If there's one actor in Bollywood who broke the stereotypical sexist notion of a heroin, it has to be Rani Mukerji. Despite several doubts about her short height and voice, she not only made her grand debut at a young age but also worked in films that stood the test of the time. She is one actor in Bollywood, who is still relevant and takes up roles where she dominates the script, screen, and everything about the movie. Though the audience took notice of her performance in the very first film Raja Ki Aayegi Baraat (1996), it was films like Black, and Paheli that proved her an actor par excellence.
The Hichki actor was recently in Goa for the ongoing International Film Festival of India, IFFI, where she travelled down memory lane and recalled her journey of playing some of the excellent roles on screen. Excerpts:
To start with, you haven't spoken much about your debut in Bollywood. Would you like to tell us about the first day on the set of Raja Ki Aayegi Baraat?
(Laughs)! It was my Muhurat shot for the film and it was the first time that I was exposed to the camera. I was 16 and had to learn a long dialogue. I was good at mugging up lines as a history student. I never wanted to be an actor so I was very nervous. But my mother wanted me to give it a try because I did learn classical dancing, but never spoke a single dialogue. I also had a stammering problem. But the minute the director said 'action', I started delivering my lines and surprisingly, it came easily. I was shocked to have actually done it. I had an instinct that said you can do it if you remove that stage fright. It was that day, when I felt that I was born to be an actor.
As an actor, your journey on screen has been tremendously successful. At this stage of your career, do you have any regrets as an actor, especially, missing out on some good films?
I have never regretted anything because I believe every actor gets to do a character that he or she is destined for. The audience will get to see your film for what you have done. It's pointless talking about missing doing a film. The only film unfortunately I couldn’t be part of due to a date clash was Lagaan because Aamir Khan was turning producer with it. He wanted all the actors he knew together. At that time, I had already signed a film and was left with 10 days of shooting. I wanted to do Lagaan with Ashu Bhai (Ashutosh Gowarikar) and it was Aamir’s first film as a producer. I guess at the start he was trying to do this but later he also went back and forth to Mumbai which he told me later. That was very unfortunate.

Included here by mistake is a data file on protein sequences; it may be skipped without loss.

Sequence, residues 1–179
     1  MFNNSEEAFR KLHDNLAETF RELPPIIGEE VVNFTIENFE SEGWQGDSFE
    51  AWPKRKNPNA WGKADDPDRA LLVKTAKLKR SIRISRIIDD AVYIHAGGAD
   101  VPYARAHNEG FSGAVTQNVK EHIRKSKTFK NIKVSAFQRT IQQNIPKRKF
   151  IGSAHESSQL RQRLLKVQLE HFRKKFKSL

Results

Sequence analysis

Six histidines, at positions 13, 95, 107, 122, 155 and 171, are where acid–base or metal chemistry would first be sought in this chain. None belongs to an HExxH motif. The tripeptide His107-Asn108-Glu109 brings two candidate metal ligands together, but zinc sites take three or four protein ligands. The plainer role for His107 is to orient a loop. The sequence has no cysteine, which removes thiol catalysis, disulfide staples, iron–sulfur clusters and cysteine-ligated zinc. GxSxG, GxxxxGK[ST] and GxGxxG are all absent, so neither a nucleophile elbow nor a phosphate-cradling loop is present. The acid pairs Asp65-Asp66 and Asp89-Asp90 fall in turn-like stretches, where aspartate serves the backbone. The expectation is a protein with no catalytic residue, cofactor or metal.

But then you did Black with Sanjay Leela Bhansali, which in a way changed the course of your career as an actor.
Black actually made a huge difference in my personal life as well. I started having gratitude for basic things in life that we take for granted. Today, I am able to communicate with you because I am able to speak and hear. Black taught me all of this. It was extremely touching to me because they were very comfortable in their skin and very confident. They also knew how to work on a normal computer. For me doing that was impossible. I realised nothing is impossible as we condition ourselves that we cannot do it. I learned that we should not have this attitude. Black helped me become a better human being.
You also experimented with your roles, which not many actors would do. For instance, playing a Sikh boy in Dil Bole Hadippa!
I have to say that every morning I had to apply glue and stick my beard on my face. It was a horrifying thing for a woman to do. But I enjoyed playing the part. It was an amazing experience. There was so much humour we brought in through the film. We shot the film at 35-degree temperature in Mumbai and having a beard was a different challenge.
Was Paheli difficult, considering it was a different genre of film?
It was about love and to feel love for somebody like Shah Rukh comes easily to me. When he is on set comfort comes in with him as I also started my career with him. There is a lot of love for him and he too has love for me. Paheli was a folktale and the character was beautiful, which defied what people in that era felt. The character was very strong. I am always inspired by strong women characters. Wherever I have to show the strength of women, it comes very naturally to me. I get attracted to those kinds of characters and performance comes naturally to me.
How much do you agree with the popular belief that an actor should be versatile?
It is very important! If an actor is able to show different people on screen convincingly, he is a versatile actor. At the end of the day we are portraying different people in cinema as every story is about characters and as an actor, we are characters in different films. The more diverse you can make those characters, the more interesting it becomes for the actor and audiences. I would be bored with the same role. I got energy from characters that inspired me. For instance, Shivani Shivaji Roy of Mardaani 2 inspired me as an actor. If I play different characters, I get a chance to be someone that I will not be in my personal life.
Which was the last film you watched that really inspired you?
After my dad passed away in 2017, on each of his birthdays I watched the films that he directed. When I saw Leader (1964), I was blown away and understood why Dilip Kumar was so much loved as an actor and why a lot of actors were inspired by him. The way he did the comic scenes blew my mind. I was watching it as a kid and was obviously awed by the grandeur of the film and Vyjayanthimala's dance, beautiful songs, and romantic scenes left me spellbound.